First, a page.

The Stock Market This Week: September 21-25
By: Stacey Nickens
- Fear and uncertainty were the name of the game this week. Between Justice Ruth Bader Ginsburg’s death, rising COVID infection rates in certain areas, and other concerning news, the market struggled to maintain optimism. Tech stocks also continued to prove their large market influence. On Tuesday, Apple dragged the market up and down, a trend that continued on Wednesday when UBS downgraded Apple stock. On Friday, major tech stocks (including Apple and Microsoft) helped major indexes make gains in daily trading.
- Several financial institutions came under scrutiny this week. Reports surfaced that several banks, including JPMorgan Chase and Deutsche Bank, allowed illicit funds through their doors despite warning signs. On Wednesday, Bloomberg reported that JPMorgan Chase would face a $1 billion fine for market manipulation charges. However, later in the week, some financial stocks got a boost from analysts. Goldman Sachs was upgraded to Buy by UBS, and Robert B. Baird added Wells Fargo to their Fresh Pick List.
- Fed officials continued to reiterate the need for fiscal stimulus in order to aid economic recovery. Their comments hurt the market’s performance on Wednesday.
- The labor market continued to struggle as jobless claims increased to 870,000.
On Monday, all major indexes fell due to political, economic, and health uncertainties. The S&P 500 fell 1.2%. The index fell into correction territory at one point in the day; however, a strong performance from the technology sector helped the S&P 500 regain some of its losses. For similar reasons, the Nasdaq only lost 0.1%. The Dow Jones was down 1.8%. The market struggled following news of Justice Ruth Bader Ginsburg’s death, adding to the uncertainty already plaguing Washington. The Chinese government also contributed to trade uncertainty by updating their trade blacklist, and increasing COVID cases in Europe added to health uncertainties. The financial sector was down 2.5% following reports of illicit funds traveling through major banks, including JPMorgan Chase and Deutsche Bank. Other cyclical sectors were also down, including industrials, materials, and energy. In individual company news, Oracle and Walmart’s stocks were up following their TikTok acquisition being approved by the Trump administration. Microsoft stock rose following the announcement of their ZeniMax Media acquisition.
On Tuesday, major indexes rose as mega-caps rallied. The S&P 500 added 1.1%. The Nasdaq gained 1.7%, and the Dow Jones rose 0.5%. Both Amazon and Nike contributed to substantial gains in the consumer discretionary sector. Nike stock rose ahead of their earnings report, and Amazon stock was up 5.7% after Bernstein upgraded their stock to Outperform from Market Perform. However, another mega-cap, Apple, seemed to a more influential driver in the market today. When Apple stock fell in the morning, the S&P 500 tumbled into negative territory; however, as Apple stock rebounded, so did the index. The communication services, information technology, real estate, and industrial sectors also made gains today. Energy, financials, and health care finished in the negative. In other news, Fed Chair Jerome Powell testified before Congress on the CARES Act, and August home sales were up 2.4% m/m.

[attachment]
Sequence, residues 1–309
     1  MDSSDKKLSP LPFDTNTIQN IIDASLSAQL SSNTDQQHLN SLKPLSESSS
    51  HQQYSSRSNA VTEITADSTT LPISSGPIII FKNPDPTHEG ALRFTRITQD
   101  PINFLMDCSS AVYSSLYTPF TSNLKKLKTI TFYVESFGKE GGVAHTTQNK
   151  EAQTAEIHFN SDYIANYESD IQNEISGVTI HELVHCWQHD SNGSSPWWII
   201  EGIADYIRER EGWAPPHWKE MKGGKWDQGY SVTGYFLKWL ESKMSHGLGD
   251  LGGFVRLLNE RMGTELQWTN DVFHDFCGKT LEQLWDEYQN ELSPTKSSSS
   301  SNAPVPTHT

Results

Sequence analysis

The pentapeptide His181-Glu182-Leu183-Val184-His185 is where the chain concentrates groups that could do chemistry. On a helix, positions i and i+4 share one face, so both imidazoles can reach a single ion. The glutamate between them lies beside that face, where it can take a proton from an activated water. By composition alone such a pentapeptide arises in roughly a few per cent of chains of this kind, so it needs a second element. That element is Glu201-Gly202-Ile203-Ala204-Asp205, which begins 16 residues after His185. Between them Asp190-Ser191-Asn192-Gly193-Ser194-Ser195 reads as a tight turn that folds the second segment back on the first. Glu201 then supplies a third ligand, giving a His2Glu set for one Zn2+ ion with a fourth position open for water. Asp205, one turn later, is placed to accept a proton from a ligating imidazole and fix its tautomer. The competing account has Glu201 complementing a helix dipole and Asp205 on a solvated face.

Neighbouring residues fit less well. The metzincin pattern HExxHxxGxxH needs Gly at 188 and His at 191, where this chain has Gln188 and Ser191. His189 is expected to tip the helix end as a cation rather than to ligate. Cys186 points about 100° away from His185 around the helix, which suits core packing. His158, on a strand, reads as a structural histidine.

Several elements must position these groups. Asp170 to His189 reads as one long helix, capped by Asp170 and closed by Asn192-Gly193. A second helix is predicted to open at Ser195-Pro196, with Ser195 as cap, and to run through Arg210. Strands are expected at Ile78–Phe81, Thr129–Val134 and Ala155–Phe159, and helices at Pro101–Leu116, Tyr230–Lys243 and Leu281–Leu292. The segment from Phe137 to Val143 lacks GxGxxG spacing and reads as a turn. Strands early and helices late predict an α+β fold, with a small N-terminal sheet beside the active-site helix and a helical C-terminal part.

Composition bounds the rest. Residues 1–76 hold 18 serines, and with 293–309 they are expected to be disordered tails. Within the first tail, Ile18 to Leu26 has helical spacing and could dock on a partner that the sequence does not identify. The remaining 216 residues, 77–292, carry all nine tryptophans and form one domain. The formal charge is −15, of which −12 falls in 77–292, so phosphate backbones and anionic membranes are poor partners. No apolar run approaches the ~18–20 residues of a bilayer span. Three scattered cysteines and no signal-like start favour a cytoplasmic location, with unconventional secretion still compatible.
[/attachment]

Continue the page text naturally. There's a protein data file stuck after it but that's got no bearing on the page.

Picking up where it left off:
On Wednesday, major indexes began the day in positive territory. The market swung upwards on the back of positive vaccine news and earnings results. Johnson & Johnson entered Phase 3 for their COVID-19 vaccine trials, and Nike reported impressive quarterly earnings. However, a sell off began in the afternoon without much enthusiasm to buy the dip. The sell of may have been partially triggered by various Fed officials pushing Congress to pass more fiscal stimulus in order to spur economic recovery. Along those lines, the House was able to pass a government funding bill that would last through December 11. The Senate is expected to approve the bill later in the week. Despite this good news, the S&P 500 dropped 2.4% by close. The Nasdaq tumbled 3%, and the Dow Jones lost 1.9%. All 11 S&P 500 sectors finished in the negative, with the sharpest losses seen in the energy sector. Shares in both Apple and Tesla dropped in daily trading. Investors seemed unimpressed by Tesla’s Battery Day, and UBS downgraded its rating on Apple from Buy to Neutral. In other company news, Bloomberg reported that JPMorgan Chase will face a $1 billion fine for market manipulation charges.
On Thursday, a buy-the-dip mindset helped major indexes finish in positive territory. The S&P 500 gained 0.3%. The Nasdaq added 0.4%, and the Dow Jones climbed 0.2%. Ten of the 11 S&P 500 sectors finished in positive territory, with health care be the lone standout. In economic news, jobless claims remained high for the week ending in September 19. Jobless claims increased by 4,000 to 870,000. However, positive housing news came out that showed home sales in August reached a seasonally adjusted annual rate of 1.011 million. This is the first time since November 2006 that home sales exceeded a seasonally adjusted annual rate of 1 million. Finally, some financial institutions got good news today. UBS upgraded Goldman Sachs stock to a Buy, and Wells Fargo stock made the Fresh Pick List by Robert W. Baird.
On Friday, major indexes continued their upward trajectory with the help of tech stocks. The S&P 500 rose 1.6%. The Nasdaq gained 2.3%, and the Dow Jone added 1.3%. While the session was mixed, strong performances by Apple, Microsoft, and NVIDIA helped ten of the 11 sectors finish in positive territory. Only energy fell slightly, dropping 0.1%. In economic news, durable goods orders increase in August. The report showed that the manufacturing sector continues to recover despite the fact that total orders are still down 11.3% year-over-year.
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